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Longtime Baylor Law Professor known as “The Godfather” passes away at 82

David "The Godfather" Guinn
David "The Godfather" Guinn((Courtesy Photos))
Published: Jan. 7, 2022 at 3:18 PM CST
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WACO, Texas (KWTX) - A longtime beloved tenured professor at Baylor Law School affectionately known as “The Godfather” has passed away.

David Guinn who was known as much for his immense knowledge of constitutional law as he was for his open-door policy, friendliness, and dry wit, died at his home Thursday in Waco at the age of 82.

Funeral services for Guinn will be Saturday at 11 a.m. at St. Paul’s Episcopal Church at 515 Columbus Avenue.

Guinn taught at the Baylor Law School for more than 50 years.

The school’s website describes Guinn to the likes of a character off a movie but with a much softer touch.

“The Baylor Law family refers to Professor David Guinn as “the Godfather,” and when you see him in his handsome office, his father’s rolltop desk behind him, it is easy to picture a Texas version of Don Vito Corleone. And like the famous Sicilian, when Baylor Law’s senior faculty member makes an offer, few refuse him,” his bio on the law school website reads.

“However, unlike the fictional character’s proposals, Professor Guinn’s offers are likely to be lunch with him at Baylor University’s faculty dining room, a round of skeet shooting at the Waco Gun Club or perhaps a donut that he routinely brings to staff and students. ”Waco attorney J.D. Ressetar, who graduated Baylor Law in 2009, said Guinn was one of the most well-respected and memorable faculty members who always took a personal interest in students.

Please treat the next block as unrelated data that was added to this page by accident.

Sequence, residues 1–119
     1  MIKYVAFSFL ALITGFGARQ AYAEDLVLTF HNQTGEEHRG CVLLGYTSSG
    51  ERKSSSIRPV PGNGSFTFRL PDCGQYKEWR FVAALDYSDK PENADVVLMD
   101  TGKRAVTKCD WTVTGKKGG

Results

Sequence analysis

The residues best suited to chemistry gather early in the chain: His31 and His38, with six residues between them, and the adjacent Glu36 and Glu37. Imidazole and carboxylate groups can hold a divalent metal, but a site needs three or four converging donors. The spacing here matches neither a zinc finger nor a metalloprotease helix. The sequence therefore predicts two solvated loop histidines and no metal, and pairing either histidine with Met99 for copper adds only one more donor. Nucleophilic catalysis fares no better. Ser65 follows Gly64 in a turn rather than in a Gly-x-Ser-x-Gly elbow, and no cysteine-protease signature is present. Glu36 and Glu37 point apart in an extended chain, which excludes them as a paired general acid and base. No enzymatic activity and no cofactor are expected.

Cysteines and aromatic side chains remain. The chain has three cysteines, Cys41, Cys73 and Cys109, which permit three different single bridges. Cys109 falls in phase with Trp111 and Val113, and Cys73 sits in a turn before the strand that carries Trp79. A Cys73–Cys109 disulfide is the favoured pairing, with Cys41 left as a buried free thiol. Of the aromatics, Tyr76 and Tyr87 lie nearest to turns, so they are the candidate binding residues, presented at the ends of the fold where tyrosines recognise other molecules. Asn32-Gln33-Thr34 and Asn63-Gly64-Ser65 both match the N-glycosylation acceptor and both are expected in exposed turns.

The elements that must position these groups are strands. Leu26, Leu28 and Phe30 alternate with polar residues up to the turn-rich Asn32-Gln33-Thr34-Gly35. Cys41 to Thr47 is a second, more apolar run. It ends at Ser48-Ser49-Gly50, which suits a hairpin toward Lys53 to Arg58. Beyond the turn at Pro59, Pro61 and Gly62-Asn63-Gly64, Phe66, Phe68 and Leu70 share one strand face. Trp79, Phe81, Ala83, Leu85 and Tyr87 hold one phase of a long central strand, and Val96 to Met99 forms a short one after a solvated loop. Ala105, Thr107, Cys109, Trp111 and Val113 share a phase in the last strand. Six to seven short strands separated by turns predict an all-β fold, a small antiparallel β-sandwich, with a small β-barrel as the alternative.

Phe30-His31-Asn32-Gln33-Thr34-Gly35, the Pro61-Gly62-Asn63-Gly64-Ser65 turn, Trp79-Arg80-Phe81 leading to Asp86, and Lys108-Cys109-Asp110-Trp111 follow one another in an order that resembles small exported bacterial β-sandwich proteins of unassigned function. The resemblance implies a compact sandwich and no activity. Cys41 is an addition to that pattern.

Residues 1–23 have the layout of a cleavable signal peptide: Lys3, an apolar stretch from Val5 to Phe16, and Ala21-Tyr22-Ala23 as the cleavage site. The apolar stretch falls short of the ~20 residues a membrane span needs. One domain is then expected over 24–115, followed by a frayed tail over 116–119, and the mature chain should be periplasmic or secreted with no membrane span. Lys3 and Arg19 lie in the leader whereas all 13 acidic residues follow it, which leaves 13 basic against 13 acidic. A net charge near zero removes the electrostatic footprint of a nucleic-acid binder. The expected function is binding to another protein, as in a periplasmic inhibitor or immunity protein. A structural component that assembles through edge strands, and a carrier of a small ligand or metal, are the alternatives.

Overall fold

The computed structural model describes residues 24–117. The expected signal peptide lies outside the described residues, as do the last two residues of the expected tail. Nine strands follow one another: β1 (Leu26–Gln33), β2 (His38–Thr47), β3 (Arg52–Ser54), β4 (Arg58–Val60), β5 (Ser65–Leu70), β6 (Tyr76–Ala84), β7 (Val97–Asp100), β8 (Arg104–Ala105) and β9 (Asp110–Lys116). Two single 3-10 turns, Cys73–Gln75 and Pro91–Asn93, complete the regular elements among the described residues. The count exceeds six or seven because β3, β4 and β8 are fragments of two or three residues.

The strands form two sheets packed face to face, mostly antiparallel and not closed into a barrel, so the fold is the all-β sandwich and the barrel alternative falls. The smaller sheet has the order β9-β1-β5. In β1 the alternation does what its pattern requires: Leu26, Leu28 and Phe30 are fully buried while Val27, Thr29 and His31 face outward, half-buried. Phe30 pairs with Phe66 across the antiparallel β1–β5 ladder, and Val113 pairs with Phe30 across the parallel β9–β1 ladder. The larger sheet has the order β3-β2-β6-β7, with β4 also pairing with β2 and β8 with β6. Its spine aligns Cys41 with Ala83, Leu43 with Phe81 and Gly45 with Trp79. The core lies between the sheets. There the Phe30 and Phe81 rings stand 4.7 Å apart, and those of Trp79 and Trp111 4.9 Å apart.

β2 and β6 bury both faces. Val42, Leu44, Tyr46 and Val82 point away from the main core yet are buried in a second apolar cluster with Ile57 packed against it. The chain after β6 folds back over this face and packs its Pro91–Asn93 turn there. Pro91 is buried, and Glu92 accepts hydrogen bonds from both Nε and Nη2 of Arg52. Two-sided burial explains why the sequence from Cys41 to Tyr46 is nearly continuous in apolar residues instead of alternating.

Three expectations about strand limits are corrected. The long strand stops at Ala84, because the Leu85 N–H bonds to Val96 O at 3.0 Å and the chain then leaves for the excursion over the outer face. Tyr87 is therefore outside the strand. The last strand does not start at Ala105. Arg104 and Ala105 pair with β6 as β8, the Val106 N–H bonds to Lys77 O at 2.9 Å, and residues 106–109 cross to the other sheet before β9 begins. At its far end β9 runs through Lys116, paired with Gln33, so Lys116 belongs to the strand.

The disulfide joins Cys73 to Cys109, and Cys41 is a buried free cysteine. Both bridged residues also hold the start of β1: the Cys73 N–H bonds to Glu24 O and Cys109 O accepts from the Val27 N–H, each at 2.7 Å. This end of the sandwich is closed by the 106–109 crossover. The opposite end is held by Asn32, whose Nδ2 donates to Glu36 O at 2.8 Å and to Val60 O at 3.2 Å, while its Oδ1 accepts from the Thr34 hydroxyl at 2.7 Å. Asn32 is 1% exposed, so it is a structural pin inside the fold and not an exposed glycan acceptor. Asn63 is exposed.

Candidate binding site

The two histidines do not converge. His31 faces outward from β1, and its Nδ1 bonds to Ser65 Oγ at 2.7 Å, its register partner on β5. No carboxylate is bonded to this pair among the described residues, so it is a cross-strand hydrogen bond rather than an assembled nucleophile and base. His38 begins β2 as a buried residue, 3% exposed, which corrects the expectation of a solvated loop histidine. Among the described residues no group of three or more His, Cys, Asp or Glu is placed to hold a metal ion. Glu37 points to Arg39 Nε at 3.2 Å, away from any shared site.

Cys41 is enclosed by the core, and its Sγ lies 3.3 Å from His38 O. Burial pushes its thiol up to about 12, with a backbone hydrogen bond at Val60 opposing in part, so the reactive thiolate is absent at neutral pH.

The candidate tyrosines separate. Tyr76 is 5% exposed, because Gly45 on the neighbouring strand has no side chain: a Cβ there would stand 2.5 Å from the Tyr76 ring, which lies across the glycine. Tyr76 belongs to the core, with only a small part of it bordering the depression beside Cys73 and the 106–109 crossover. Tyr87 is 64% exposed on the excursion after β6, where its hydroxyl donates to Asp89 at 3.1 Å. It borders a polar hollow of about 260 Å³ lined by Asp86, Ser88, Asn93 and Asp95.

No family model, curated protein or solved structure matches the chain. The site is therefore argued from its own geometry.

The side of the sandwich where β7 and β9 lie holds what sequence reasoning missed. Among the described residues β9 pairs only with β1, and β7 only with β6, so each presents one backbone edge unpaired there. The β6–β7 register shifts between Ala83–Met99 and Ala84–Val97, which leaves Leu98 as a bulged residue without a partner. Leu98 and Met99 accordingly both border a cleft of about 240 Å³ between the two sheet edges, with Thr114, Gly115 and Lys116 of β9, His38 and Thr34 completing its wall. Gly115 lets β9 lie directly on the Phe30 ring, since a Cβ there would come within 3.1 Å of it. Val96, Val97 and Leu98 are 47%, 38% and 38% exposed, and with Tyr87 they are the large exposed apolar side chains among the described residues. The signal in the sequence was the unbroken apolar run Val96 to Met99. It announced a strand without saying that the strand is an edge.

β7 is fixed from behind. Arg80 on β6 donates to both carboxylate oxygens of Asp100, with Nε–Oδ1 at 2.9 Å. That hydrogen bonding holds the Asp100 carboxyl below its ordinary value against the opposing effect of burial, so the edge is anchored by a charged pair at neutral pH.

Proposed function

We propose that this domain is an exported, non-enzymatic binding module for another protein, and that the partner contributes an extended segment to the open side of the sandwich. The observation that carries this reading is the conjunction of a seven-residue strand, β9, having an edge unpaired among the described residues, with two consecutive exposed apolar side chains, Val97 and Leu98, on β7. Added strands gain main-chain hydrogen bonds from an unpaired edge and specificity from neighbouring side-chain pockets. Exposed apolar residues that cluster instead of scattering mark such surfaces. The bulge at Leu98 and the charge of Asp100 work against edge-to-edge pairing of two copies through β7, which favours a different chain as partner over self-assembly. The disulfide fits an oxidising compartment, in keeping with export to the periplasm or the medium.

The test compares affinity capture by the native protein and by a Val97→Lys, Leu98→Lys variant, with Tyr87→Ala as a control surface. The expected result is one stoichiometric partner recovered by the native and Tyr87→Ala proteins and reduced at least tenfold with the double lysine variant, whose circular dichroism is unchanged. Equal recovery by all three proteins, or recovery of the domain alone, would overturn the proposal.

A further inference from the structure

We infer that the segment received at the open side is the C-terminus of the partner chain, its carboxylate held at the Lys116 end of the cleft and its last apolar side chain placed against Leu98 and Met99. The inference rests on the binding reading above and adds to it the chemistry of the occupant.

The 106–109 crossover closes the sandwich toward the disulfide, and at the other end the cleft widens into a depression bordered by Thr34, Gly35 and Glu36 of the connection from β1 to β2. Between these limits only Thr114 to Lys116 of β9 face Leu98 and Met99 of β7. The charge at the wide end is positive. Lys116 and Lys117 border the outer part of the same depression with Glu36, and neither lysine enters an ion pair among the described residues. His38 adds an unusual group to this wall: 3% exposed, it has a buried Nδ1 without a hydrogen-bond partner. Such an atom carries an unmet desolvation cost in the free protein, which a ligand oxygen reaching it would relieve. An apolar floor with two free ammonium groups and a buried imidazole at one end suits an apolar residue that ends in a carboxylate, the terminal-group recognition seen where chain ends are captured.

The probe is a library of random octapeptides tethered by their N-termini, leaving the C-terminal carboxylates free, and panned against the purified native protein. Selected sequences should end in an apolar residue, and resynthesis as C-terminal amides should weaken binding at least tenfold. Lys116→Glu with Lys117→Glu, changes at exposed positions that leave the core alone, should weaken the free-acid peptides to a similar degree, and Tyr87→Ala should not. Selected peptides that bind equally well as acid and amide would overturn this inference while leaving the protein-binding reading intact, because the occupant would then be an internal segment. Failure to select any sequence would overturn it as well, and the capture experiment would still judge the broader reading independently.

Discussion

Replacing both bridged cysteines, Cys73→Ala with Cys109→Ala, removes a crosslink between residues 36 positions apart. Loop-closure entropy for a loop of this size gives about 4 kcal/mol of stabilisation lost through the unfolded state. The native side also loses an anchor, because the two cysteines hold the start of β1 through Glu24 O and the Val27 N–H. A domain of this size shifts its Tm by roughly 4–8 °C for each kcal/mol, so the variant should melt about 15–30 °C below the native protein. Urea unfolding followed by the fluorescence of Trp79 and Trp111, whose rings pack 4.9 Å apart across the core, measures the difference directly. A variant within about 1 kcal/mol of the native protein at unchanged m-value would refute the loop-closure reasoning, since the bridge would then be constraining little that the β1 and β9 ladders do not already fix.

“Professor Guinn is an individual for which I have immense respect,” Ressetar said. " In class, his remarkable knowledge of Constitutional Law challenges his students. Outside of class his open-door policy, friendly personality and dry wit leads to many long-lasting relationships with his students.”

Guinn assisted in the drafting of the Texas Administrative Procedures Act. He was also involved in the redistricting process at the state and local level.

After the 2010 Census was released, he helped redistrict over 40 cities, counties, and school districts throughout Texas, according to Baylor’s website.

According his bio, Professor Guinn attended Baylor University, majored in Political Science, and received his J.D. from Baylor Law in 1963. He did not receive his bachelor’s degree until 37 years later. When Guinn left Baylor, he was six hours short of completing the requirements for a bachelor’s degree.

Guinn spent one summer doing course work at Oxford University and finished up at McLennan Community College.

Professor Guinn served as Faculty Representative to the Southwest and the Big XII athletic conferences from 1986-2001. He also served on the first Division I Management Council of the National Collegiate Athletic Association in 1997 and has continued to work with Baylor Athletics since that time.

“David Guinn was a force of nature in the classroom and beyond. Blessed indeed was anyone who ever had the privilege of ever witnessing him speak, eloquently and with pointed passion, on the Constitutional foundations of our great nation,” noted Dean Brad Toben in a statement from the Baylor Law website. “David fought to explicate and defend the majesty of our Constitutional structure, liberties, and processes before thousands of Baylor Lawyers. His life’s work will stand as a testament to its sanctity as a bulwark of freedom and democracy.”

Aside from his considerable work teaching and redistricting (his “professional hobby”), Professor Guinn immensely enjoyed traveling, reading, and exercising

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